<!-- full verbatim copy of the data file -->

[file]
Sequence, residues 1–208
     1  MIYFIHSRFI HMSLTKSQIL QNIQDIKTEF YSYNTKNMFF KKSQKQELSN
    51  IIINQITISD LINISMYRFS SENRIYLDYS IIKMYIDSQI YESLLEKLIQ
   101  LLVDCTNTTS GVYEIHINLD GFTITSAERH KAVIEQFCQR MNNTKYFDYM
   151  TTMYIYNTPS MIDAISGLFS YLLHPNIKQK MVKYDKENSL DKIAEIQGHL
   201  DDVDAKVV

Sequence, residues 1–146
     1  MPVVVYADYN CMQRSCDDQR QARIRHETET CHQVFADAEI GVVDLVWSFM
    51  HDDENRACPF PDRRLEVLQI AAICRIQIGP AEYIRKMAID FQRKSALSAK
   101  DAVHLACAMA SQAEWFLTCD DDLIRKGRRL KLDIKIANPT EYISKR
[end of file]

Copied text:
Sequence, residues 1–208
     1  MIYFIHSRFI HMSLTKSQIL QNIQDIKTEF YSYNTKNMFF KKSQKQELSN
    51  IIINQITISD LINISMYRFS SENRIYLDYS IIKMYIDSQI YESLLEKLIQ
   101  LLVDCTNTTS GVYEIHINLD GFTITSAERH KAVIEQFCQR MNNTKYFDYM
   151  TTMYIYNTPS MIDAISGLFS YLLHPNIKQK MVKYDKENSL DKIAEIQGHL
   201  DDVDAKVV

Sequence, residues 1–146
     1  MPVVVYADYN CMQRSCDDQR QARIRHETET CHQVFADAEI GVVDLVWSFM
    51  HDDENRACPF PDRRLEVLQI AAICRIQIGP AEYIRKMAID FQRKSALSAK
   101  DAVHLACAMA SQAEWFLTCD DDLIRKGRRL KLDIKIANPT EYISKR